High school graduation is always a time to celebrate, but for Jacqueline Punte it takes on a bigger meaning. It marks the end of a finish line she wasn’t sure she’d ever cross.
After starting her secondary education in Missoula in 2016 at Sentinel High School, Punte withdrew from classes twice before completing her courses at Willard Alternative High School in November.
On Thursday, she received her diploma with her classmates at Willard's graduation ceremony at Washington-Grizzly Stadium.
“I’m happy I’ll be able to prove a lot of people wrong — a lot of people doubted me,” Punte said about graduating this spring.
When she first started at Sentinel, Punte felt very isolated, found it difficult to make friends and felt as if she didn’t fit in. Over time she started skipping class and the absences began stacking up before she formally withdrew from school during the first semester of her junior year.
While she was disappointed in herself, she was more scared to tell her parents. Her two older sisters and school counselors encouraged her to not give up on herself and continue her education at Willard, which offers smaller class sizes, more hands-on curriculum and is geared toward students with alternative learning styles.
Her sisters had previously attended Willard and gone on to pursue higher education themselves, one graduating from college and the other still working toward her diploma.
Punte comes from a large family with eight sisters and one brother. Her family moved to Missoula from Las Vegas when she was about 5 years old. Her oldest two sisters were both born in Mexico and are "Dreamers."
Punte started at Willard the second semester of her junior year, and right away she could tell something was different.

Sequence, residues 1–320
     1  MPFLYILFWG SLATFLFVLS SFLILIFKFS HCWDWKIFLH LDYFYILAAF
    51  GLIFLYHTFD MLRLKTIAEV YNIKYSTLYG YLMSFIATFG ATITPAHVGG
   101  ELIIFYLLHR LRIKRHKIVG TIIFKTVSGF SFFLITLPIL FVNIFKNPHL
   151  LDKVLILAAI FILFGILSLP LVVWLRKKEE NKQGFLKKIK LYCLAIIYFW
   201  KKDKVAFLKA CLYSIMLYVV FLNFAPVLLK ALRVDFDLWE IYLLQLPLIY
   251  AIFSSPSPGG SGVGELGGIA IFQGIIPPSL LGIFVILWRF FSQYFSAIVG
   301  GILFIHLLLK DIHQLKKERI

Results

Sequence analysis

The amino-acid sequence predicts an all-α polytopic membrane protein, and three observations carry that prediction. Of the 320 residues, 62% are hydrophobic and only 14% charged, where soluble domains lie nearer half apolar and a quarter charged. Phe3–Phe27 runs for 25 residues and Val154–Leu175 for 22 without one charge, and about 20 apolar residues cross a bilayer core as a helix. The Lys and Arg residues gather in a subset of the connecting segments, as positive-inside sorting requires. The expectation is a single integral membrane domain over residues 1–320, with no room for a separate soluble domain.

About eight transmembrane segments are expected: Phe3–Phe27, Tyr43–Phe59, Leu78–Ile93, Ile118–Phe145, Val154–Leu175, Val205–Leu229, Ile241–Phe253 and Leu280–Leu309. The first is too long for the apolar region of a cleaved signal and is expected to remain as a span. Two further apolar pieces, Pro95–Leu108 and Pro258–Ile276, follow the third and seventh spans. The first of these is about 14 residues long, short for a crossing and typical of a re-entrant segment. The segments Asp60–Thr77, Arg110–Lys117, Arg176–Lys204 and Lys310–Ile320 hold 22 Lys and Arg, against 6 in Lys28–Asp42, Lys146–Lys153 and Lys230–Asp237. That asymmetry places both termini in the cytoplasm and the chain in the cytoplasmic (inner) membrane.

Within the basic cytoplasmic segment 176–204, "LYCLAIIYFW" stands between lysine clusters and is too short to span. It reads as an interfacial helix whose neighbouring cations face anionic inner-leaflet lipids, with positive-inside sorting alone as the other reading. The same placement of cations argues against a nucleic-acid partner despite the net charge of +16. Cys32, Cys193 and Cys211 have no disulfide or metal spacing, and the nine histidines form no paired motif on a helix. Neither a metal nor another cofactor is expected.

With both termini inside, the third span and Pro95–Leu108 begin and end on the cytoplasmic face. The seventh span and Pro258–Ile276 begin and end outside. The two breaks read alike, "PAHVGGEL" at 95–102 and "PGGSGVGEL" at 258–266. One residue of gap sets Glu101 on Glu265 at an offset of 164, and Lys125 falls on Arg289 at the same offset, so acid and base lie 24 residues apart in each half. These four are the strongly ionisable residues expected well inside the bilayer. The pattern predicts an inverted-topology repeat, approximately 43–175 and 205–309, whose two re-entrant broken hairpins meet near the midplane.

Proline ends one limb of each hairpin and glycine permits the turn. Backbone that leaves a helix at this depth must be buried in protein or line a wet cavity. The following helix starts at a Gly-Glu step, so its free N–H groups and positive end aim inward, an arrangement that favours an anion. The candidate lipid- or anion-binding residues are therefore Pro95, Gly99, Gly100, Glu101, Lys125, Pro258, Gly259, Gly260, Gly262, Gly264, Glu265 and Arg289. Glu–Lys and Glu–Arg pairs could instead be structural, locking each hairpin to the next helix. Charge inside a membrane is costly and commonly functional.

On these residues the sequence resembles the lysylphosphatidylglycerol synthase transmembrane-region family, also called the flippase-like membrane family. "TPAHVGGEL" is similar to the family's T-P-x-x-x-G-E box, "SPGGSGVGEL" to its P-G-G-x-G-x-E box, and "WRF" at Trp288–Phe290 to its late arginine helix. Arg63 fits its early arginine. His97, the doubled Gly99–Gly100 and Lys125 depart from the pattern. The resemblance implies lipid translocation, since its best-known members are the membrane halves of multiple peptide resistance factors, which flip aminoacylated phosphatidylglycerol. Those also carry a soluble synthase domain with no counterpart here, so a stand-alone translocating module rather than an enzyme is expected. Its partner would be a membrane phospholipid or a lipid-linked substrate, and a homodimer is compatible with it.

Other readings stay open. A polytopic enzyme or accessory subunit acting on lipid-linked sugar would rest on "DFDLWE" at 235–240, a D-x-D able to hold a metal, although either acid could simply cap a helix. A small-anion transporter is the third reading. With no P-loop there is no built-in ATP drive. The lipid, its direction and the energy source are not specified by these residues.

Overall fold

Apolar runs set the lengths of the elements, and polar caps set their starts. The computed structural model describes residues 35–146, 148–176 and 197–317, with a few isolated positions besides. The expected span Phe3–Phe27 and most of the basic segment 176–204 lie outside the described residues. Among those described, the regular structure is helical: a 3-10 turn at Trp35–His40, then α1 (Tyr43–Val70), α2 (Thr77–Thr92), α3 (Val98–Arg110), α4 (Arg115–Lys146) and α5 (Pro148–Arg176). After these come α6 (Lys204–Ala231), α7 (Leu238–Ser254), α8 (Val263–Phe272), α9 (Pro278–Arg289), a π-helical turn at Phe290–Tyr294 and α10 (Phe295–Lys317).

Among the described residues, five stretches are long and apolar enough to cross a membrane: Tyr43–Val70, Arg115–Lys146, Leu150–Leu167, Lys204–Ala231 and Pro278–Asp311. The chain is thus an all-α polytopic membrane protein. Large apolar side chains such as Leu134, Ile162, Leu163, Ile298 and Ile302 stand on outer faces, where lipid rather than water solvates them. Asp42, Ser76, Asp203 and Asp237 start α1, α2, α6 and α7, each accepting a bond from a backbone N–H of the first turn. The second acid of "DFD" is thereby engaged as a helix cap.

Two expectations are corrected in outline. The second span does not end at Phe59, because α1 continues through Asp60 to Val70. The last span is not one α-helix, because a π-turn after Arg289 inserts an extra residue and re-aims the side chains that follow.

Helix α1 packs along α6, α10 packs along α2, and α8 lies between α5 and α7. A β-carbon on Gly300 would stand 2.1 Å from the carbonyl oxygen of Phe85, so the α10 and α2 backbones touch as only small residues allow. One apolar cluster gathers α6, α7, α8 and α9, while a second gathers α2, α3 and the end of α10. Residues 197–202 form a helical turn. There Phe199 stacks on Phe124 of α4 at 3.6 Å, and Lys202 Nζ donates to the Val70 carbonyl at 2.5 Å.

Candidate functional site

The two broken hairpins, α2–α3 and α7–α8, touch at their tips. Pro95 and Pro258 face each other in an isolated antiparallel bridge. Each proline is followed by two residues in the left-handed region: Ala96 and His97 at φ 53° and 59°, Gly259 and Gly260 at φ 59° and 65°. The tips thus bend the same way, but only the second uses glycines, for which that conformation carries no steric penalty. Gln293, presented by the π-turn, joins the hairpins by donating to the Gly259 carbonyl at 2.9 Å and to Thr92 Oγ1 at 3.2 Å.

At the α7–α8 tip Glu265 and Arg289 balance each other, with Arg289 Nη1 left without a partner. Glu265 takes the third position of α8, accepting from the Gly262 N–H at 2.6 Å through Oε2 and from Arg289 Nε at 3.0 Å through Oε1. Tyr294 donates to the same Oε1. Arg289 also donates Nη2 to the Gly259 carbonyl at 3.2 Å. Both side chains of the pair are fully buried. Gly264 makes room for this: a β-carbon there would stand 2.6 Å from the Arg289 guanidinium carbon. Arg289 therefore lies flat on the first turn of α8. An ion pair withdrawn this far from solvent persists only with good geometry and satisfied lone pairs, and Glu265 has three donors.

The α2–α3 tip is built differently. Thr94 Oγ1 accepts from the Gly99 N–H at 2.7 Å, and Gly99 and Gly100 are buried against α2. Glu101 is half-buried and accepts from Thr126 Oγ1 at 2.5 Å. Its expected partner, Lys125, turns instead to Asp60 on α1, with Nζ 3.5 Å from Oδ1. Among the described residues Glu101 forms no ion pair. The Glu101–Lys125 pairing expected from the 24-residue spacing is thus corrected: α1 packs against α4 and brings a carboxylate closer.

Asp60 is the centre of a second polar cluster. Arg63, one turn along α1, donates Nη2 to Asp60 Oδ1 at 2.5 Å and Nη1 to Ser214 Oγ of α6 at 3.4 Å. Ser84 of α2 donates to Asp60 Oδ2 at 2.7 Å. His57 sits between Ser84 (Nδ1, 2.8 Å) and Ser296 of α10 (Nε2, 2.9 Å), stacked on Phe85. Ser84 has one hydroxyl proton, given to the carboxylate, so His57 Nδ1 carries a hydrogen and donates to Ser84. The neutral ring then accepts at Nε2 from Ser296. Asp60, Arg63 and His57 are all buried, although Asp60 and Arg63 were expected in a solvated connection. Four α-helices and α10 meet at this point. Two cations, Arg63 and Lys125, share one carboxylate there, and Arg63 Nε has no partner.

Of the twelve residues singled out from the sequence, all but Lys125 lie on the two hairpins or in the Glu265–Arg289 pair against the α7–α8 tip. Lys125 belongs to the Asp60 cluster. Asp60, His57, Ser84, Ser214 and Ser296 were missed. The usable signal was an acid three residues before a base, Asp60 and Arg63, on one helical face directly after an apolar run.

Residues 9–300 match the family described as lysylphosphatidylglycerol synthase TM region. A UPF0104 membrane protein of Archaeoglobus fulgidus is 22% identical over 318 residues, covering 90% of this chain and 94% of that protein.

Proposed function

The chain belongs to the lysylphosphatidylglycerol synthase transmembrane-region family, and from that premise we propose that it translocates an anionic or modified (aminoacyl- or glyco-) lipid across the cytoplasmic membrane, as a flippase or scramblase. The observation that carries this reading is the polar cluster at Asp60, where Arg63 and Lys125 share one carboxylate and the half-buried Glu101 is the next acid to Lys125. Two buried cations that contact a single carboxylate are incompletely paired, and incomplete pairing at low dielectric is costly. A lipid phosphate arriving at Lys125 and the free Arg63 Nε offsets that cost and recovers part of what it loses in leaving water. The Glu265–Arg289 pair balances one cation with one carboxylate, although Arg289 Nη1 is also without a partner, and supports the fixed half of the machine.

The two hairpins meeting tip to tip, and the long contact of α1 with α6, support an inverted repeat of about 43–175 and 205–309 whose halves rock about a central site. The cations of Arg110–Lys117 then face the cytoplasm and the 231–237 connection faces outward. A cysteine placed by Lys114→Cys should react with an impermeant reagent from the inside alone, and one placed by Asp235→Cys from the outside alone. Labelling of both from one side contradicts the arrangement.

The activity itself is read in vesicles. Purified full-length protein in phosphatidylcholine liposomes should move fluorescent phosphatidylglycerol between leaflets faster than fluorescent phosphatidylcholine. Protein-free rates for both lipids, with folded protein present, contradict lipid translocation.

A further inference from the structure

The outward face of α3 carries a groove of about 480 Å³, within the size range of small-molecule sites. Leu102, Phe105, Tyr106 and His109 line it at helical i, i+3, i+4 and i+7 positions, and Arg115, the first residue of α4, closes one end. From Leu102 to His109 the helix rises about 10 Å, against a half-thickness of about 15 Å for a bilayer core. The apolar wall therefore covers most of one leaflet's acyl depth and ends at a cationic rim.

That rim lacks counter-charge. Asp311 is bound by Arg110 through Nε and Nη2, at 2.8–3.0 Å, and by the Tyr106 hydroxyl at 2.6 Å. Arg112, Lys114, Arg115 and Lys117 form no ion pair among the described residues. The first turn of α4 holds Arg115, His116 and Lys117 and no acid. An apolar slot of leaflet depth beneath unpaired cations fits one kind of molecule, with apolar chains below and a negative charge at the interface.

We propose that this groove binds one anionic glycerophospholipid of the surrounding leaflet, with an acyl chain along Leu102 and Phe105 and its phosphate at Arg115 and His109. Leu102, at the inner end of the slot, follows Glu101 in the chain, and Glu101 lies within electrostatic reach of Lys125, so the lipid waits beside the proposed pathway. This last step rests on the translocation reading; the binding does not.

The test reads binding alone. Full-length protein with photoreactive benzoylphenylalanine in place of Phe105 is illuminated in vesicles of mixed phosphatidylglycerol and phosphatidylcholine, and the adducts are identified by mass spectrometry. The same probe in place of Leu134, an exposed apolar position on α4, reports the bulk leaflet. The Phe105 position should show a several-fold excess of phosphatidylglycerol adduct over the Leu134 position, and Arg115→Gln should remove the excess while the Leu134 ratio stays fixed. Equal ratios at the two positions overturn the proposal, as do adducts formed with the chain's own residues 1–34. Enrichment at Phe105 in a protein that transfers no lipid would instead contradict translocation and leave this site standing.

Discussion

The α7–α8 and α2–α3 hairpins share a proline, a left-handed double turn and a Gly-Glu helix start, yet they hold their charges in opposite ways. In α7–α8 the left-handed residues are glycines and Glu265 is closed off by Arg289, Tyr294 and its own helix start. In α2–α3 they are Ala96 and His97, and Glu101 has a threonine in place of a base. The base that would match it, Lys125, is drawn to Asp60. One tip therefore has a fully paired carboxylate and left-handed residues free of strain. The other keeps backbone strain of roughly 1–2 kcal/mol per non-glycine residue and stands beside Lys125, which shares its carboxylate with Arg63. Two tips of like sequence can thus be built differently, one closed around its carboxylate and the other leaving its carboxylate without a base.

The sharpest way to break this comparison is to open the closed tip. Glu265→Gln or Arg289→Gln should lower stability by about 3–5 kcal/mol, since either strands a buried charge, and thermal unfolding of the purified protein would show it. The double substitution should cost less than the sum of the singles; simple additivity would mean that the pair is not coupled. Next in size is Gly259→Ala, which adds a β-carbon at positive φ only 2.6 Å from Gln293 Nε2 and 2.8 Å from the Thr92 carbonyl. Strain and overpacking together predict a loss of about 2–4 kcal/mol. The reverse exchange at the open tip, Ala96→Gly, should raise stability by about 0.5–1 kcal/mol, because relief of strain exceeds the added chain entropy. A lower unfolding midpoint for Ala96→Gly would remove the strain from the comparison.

“Literally the first day I was at Willard I made friends — everybody there’s so outgoing,” Punte said.
She took a liking to her history classes and excelled in writing. She transformed from a student who didn’t enjoy school to someone who admits they will actually miss doing homework.
The pandemic added another roadblock for Punte when she withdrew again from school in early 2020. The move to virtual instruction due to school closures didn’t help motivate her to continue her education. She didn’t feel compelled to complete assignments virtually.
Tri Pham, a counselor at the school, reached out to Punte several times to check in, he said. He constantly encouraged her to return to school because she only had a few more credits to earn before she was eligible to receive a diploma.
“It’s always a little bit painful when students choose to withdraw, and Jackie in particular because you can tell she’s very bright, very capable,” Pham said. “She’s one of those kids that should get a high school diploma.”
It took some convincing, but with the help and support of her family and encouragement from Pham, Punte returned to school and completed her coursework in November 2020.
“I think maybe they believed in me more than I believed in myself,” Punte said.
For Pham, her graduation is a sweet victory.
“It’s always really special because you don’t know as an educator the impact that you’ve had,” Pham said. “Jackie’s really sweet because she believed in what we had to say about her and she believed in herself and she made it happen.”
After completing her graduation requirements, Punte enrolled in courses at Missoula College with a focus on psychology. However, due to the pandemic and virtual instruction she’s opted to take a break to come up with a plan for her future instead.
Through it all, Punte said she’s most proud of herself for persevering and earning her high school diploma after so many twists and turns throughout her education.
But above all else, she’s happy to give this gift to her parents.
“Now that I’m actually going to graduate I’m just really happy and excited for my parents to finally see me graduate,” Punte said. “Honestly, it’s all for them.”